A barn that's been described as a "Delaware County treasure" will be a focal point of a 233-acre park being developed in Orange Township by Preservation Parks of Delaware County.

One of Ohio’s 88 bicentennial barns – painted with logos leading up to the 200th anniversary of Ohio’s statehood in 2003 – and a half-acre it sits on were donated to Preservation Parks by Bob and Sue Postle, the parks district said. 

The barn sits at 6824 Bale Kenyon Road, visible from Interstate 71.

An accompanying 37-acre site was purchased from the Postles for $1,486,313, a press release said. A grant from the Clean Ohio Green Space Conservation program covered $1,086,551 of the cost, with the rest coming from parks-district funds.

Beth McCollam, Preservation Parks communications manager, said parkland is still being acquired, and the Preservation Parks Foundation will lead a capital campaign to restore the barn as a year-round rental facility.

She said conceptual planning for the park will begin this year. A timetable for its opening has not been set, nor does the park yet have a name.

Preservation Parks executive director Tom Curtin said reforestation has begun on land acquired so far, with 32,000 tree seedlings and 833 larger trees in the ground.

The new park will have trails, picnic areas, locations to drop canoes and kayaks into Alum Creek, and other amenities, the press release said.

Bob Postle said the farm has been in his wife's family since 1812.

The Ohio Bicentennial Commission paid to have the bicentennial logo painted on a barn in each of Ohio's 88 counties.

All the barns were painted by Scott Hagan of Jerusalem, Ohio.

Not all of the barns have survived, Hagan said, but some -- including Delaware County's -- have achieved iconic status.

The local barn "is one of the most recognizable as far as that goes," he said, adding its proximity to the freeway helps.

"People seem to know about that barn," he said.

Hagan was 19 years old in 1997 when his father let him paint the family barn.

Hagan chose a design featuring Ohio State University's Block "O" and Brutus Buckeye.

That painting attracted wide attention after it was featured in a newspaper story, Hagan said.

That story, he said, helped to convince the bicentennial commission to launch the barn-painting campaign, abandoning an earlier idea to post billboards around the state.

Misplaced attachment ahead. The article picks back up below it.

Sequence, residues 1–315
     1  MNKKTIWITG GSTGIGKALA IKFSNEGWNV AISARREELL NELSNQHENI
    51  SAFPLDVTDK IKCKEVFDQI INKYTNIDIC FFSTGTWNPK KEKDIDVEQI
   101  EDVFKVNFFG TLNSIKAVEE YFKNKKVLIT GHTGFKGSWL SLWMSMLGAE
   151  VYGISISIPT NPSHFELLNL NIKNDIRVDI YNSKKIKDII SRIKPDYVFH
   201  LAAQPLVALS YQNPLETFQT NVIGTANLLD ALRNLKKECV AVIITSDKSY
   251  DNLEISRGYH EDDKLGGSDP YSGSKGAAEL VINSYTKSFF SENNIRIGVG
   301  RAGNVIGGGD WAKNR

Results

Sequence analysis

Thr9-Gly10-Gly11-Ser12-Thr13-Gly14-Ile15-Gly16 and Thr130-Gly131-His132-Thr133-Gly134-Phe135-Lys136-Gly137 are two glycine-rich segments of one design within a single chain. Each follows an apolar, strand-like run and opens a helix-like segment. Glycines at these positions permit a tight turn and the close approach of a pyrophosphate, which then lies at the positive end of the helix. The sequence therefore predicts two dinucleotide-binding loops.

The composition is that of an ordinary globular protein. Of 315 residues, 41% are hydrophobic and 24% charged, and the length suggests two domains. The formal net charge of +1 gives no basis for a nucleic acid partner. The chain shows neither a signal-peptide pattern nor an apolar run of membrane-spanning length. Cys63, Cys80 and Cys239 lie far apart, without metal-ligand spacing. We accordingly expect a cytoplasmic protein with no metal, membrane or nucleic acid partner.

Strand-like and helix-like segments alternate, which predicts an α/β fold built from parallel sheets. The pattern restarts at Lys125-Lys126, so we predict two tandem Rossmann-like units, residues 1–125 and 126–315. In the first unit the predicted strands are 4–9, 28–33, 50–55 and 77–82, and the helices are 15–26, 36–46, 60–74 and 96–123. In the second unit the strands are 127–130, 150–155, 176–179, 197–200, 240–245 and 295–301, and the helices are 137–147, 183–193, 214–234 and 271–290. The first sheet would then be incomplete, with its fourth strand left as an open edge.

Hagan started painting bicentennial barns in 1998 and estimated the Delaware County barn was painted in 1999 or 2000.

He repainted it three years ago, he said. At one time, it was illuminated at night -- an idea he said Preservation Parks might want to revive.

The barn project turned into a career for Hagan. He now paints one or two barns or buildings a week across the United States.

His favorite design, he said, is the U.S. flag.

Another popular design is Mail Pouch Tobacco barns; at one time, 20,000 barns in 22 states had such paint jobs.

The Mail Pouch barns are "such an icon. People love that," he said.

Hagan recently painted the likeness of Delaware native Rutherford B. Hayes on a barn in Fremont, home of the Hayes presidential library.

His website is barnartist.com, and he has a Facebook page.

The Postle property is the fourth of five phases of land acquisition for the park, McCollam said.

In the first two phases, tracts of 48 and 64 acres were purchased from Margorie McCammon. The third phase was another 38 acres purchased from the Postles. The purchase of 54 acres in the final phase is not yet finalized.

"We may seek grant funding to supplement the cost of the land purchase," McCollam said.

Apart from its location in southern Delaware County, the land appealed to Preservation Parks because of its healthy streams and sections of mature woodlands, Curtin said.

"We sincerely thank Bob and Sue (Postle) for their generous donation," Curtin said in the press release. "We know the barn will be an important feature of the new park we are planning."

He added that both Sue Postle and Margorie McCammon are members of the extended McCammon family, which has owned the property for decades.

"We are grateful for the McCammon family's willingness to allow the park district to seek funding and acquire the property piece by piece," Curtin said. "Their vision -- that this former farmland could be a park -- will be appreciated by all the area residents, who will be able to enjoy a beautiful piece of nature in the midst of development."

Preservation Parks currently oversees nine Delaware County parks and three trails. A 10th park, Hickory Woods Park, is slated to open in the fall between Pollock and Braumiller roads at the southeast corner of the city of Delaware The 115-acre park will have trails, a wildlife habitat, a four-seasons shelter, a smaller open-sided picnic shelter, a sledding hill, and an event field for park programs and public use.

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